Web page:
Between January and April this year, Patek Philippe had the watch collecting community totally keyed up with its big bang announcements. It all started with the discontinuation of the Nautilus ref. 5711, arguably the most wanted luxury steel watch in the world. Soon after this declaration, the brand introduced ref. 5711’s end-of-series model — the ref. 5711/1A-014 with a sunburst olive green dial. Whether this watch will garner the same fanatical fans as the original steel and blue dial reference is something we will know only in a couple of years.
Apart from the Nautilus, the next most significant launch from Patek Philippe this year has been the ref. 5236P-001 In-Line Perpetual Calendar. Inspired by a pocket watch from 1975, the ref. 5236P-001 offers the most innovative and user-friendly way to read the calendar information on its extremely elegant dial. The subject of three patent applications, this watch was in the making for nearly five years, but its concept first struck Thierry Stern when he was around eight years old. He tells Revolution’s founder, Wei Koh, in a recent interview, “I was maybe seven or eight years old. I don’t know, to be frank, since it was such a long time ago. But the decision to officially come out with this watch was taken five years ago. It takes a long time to develop such a product. For me, when it comes to real watchmaking, it is important that Patek Philippe is the first one to develop a timepiece with a function like this.”
Stern reveals, “Every year at Basel or now Geneva, I cross my fingers and hope the others don’t have the similar idea or the knowledge to do what we have done. Luckily, [in this case] they didn’t and I am very pleased about it. If somebody else had launched a product like the ref. 5236 last year, we would have had to cancel it. But that didn’t happen. So, let’s cross our fingers for the next one because there will be some others for sure.”
Thierry Stern’s grandfather, Henri, had a fancy for perpetual calendars with linear displays. His father, Philippe, would often talk about these gorgeous pocket watches in their museum which, in part, have come to inspire the making of ref. 5236P. “The prime consideration with regard to ref. 5236P was how easily one could read the date [with the single aperture in-line display]. I remember speaking to my dad about it. The challenge was to keep it thin enough,” says Stern.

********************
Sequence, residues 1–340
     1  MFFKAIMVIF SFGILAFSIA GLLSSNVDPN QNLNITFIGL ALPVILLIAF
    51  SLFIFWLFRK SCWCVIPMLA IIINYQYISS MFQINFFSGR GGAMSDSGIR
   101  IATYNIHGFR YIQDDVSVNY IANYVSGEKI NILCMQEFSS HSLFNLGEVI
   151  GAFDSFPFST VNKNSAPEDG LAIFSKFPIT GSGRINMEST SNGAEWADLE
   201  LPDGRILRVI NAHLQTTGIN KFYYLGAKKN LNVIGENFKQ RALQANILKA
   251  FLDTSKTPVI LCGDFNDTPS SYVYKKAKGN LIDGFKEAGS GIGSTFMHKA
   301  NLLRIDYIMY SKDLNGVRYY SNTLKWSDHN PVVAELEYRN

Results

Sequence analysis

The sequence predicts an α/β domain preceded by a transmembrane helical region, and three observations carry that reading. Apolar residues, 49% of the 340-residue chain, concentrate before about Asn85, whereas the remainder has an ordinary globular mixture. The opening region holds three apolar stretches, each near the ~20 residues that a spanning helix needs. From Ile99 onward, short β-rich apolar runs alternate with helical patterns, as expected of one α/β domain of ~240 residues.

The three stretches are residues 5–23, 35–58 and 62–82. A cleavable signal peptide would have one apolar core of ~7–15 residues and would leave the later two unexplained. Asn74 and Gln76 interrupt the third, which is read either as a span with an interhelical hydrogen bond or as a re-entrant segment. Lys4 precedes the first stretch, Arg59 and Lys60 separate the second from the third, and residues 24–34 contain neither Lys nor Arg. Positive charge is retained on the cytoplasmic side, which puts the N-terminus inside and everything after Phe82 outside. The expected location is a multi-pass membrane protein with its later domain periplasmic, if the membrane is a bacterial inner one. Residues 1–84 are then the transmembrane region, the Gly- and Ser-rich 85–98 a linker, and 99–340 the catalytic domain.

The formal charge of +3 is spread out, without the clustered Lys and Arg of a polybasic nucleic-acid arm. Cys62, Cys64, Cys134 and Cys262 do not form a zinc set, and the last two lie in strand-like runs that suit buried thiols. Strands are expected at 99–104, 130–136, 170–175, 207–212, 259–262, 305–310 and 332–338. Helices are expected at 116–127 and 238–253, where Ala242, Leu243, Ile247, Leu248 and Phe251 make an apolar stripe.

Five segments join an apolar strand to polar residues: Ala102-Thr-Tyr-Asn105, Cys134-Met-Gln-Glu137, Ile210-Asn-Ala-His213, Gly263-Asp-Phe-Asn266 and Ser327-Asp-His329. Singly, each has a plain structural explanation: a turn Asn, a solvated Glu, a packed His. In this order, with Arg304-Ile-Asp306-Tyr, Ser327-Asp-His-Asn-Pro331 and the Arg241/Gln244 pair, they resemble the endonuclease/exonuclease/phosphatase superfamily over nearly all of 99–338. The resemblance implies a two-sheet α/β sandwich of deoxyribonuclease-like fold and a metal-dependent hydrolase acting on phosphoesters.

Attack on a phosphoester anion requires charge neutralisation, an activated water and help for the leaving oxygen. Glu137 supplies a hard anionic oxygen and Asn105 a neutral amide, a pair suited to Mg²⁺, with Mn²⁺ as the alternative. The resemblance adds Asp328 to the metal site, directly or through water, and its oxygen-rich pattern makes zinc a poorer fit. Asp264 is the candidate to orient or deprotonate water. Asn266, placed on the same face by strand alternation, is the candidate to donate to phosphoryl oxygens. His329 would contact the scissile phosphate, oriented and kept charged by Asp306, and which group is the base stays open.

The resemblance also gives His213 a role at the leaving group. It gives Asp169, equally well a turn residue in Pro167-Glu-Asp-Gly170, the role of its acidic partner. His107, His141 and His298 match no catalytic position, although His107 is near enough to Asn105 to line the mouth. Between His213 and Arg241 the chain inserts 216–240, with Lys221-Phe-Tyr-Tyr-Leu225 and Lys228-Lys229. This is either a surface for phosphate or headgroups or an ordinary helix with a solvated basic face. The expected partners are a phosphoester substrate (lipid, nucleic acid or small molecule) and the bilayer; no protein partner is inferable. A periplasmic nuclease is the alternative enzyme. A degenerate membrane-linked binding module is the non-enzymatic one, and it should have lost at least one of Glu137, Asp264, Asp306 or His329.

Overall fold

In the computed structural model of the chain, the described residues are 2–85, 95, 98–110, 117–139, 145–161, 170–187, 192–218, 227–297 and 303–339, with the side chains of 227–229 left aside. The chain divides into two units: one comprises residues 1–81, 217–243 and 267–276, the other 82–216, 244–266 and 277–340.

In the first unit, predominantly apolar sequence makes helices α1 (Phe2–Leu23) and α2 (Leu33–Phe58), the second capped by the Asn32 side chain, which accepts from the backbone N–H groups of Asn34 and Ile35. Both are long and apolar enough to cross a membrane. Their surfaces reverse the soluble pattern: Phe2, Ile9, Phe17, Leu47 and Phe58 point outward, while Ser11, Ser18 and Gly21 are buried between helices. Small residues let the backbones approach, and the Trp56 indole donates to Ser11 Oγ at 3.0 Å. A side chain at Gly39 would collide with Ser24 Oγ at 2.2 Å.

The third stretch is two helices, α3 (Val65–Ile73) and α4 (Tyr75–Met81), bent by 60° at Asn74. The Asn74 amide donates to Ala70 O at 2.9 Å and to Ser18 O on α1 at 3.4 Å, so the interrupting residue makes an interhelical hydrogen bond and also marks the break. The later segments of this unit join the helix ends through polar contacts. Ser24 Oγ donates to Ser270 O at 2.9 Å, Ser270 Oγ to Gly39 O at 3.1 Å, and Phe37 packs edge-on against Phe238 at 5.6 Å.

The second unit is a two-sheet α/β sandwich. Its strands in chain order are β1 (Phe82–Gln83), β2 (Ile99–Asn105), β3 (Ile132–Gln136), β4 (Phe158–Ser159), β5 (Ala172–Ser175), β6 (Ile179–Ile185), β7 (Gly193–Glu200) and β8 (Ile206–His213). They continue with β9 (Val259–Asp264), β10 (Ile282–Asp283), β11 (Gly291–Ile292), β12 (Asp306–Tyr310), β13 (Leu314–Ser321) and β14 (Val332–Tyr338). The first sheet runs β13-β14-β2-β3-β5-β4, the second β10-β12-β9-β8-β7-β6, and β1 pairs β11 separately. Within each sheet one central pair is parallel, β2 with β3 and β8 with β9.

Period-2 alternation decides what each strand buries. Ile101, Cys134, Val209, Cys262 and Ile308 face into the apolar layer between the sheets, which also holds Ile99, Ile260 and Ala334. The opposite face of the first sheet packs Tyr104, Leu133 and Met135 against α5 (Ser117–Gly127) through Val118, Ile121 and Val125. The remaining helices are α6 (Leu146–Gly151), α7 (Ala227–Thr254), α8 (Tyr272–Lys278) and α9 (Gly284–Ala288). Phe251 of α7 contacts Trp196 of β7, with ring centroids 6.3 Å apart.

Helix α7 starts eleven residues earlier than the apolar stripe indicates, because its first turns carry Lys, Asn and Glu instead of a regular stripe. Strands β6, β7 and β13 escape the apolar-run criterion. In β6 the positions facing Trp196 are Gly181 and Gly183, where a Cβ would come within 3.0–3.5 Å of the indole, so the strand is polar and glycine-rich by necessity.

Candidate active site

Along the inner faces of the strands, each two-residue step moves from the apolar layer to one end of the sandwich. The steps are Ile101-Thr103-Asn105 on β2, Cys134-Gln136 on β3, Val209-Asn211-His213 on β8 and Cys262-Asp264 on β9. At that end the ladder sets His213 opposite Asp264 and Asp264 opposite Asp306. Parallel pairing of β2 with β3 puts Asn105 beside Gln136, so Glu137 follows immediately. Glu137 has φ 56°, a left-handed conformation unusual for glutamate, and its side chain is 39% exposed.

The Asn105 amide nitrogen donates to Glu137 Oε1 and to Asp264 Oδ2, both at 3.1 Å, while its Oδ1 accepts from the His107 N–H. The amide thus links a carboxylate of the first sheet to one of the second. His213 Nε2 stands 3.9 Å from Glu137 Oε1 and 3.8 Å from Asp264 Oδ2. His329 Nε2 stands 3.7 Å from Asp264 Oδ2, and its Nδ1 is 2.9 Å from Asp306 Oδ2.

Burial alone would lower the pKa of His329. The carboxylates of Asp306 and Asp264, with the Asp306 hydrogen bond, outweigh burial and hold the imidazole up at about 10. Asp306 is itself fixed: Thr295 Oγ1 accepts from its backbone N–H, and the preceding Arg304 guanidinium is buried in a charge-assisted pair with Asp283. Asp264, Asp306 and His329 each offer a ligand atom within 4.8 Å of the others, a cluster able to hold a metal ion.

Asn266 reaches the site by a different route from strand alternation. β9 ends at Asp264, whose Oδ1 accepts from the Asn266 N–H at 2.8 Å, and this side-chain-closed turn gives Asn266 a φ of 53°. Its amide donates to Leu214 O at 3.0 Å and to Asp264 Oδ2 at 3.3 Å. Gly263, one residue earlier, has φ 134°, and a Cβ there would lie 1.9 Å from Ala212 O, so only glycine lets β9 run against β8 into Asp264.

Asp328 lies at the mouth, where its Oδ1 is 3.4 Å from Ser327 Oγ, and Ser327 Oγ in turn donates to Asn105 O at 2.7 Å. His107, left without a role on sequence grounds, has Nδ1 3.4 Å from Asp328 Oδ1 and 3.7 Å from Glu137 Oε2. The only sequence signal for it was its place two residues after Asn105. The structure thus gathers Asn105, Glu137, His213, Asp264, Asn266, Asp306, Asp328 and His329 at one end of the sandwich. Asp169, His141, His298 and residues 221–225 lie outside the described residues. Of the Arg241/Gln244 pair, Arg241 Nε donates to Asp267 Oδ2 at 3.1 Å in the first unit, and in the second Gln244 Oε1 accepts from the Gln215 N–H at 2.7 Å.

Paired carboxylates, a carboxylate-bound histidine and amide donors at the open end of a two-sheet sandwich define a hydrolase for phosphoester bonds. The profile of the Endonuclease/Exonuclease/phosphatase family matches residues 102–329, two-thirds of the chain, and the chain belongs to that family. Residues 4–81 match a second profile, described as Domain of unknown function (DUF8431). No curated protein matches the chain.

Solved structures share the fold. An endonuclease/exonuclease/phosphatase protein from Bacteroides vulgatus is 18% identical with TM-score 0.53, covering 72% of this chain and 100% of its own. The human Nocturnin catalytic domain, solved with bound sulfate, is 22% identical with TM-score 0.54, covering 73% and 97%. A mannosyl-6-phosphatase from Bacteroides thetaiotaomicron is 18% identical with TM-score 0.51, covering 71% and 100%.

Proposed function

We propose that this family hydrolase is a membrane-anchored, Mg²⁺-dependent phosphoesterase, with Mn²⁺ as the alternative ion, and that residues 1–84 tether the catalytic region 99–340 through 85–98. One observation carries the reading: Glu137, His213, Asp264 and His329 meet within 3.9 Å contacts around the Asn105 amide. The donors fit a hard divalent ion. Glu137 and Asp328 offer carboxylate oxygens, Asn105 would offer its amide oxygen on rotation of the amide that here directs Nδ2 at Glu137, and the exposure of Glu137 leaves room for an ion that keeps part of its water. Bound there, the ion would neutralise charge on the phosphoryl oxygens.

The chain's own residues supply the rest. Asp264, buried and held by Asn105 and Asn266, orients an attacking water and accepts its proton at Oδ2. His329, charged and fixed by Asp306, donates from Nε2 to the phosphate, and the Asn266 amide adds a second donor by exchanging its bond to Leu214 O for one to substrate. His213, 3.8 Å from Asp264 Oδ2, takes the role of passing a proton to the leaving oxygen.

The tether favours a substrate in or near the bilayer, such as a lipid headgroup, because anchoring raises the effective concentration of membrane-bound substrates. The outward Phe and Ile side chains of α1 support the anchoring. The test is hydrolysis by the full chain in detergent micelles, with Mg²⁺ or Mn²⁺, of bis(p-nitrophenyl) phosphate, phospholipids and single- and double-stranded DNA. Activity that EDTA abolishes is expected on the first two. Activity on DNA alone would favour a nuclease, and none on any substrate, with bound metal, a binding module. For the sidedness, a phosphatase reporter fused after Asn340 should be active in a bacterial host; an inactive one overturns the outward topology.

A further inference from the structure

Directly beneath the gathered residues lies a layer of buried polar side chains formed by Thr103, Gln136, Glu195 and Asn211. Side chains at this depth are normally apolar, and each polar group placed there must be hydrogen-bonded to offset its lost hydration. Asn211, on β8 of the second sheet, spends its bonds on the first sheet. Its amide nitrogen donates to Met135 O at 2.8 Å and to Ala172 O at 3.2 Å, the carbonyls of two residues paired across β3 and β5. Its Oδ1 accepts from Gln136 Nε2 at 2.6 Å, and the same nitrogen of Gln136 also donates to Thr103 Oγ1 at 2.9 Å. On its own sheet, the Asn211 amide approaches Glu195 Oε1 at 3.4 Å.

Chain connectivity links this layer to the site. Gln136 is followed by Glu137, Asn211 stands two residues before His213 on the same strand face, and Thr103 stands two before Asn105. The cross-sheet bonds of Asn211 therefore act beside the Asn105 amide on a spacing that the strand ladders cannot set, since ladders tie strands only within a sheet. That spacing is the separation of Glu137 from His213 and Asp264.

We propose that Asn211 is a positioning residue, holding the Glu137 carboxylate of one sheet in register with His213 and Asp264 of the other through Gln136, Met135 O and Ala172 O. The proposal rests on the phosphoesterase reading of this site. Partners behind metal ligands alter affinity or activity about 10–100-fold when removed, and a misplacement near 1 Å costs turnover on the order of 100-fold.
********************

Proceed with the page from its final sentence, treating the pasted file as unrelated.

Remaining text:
“All these years, we had been learning to use new technology that would allow us to build a movement like this one. I grew up looking at museum pieces like the 3448 that present the most beautiful date displays. I also like the ref. 5970; it reminds me of a fond memory about my grandfather. I think all this is part of my education and I like the fact that we have the past on one hand, and then on the other hand, the way this watch has been built and designed is something very strong and young at the same time. This is what makes it quite beautiful. I know this piece will definitely be very successful,” he says. (Read more about the ref. 5236P In-Line Perpetual Calendar here.)
Over the past decade, the demand for steel Nautiluses has created an unprecedented interest in Patek Philippe amongst younger collectors, but Thierry Stern has always been cautious about overplaying this sensational steel saga in the larger scheme of things. As the fourth generation owner of the 182-year-old company, he wants to carry forward Patek Philippe’s legacy as the world’s most prestigious watch brand with limited production, select dealers and an unmatched product offering.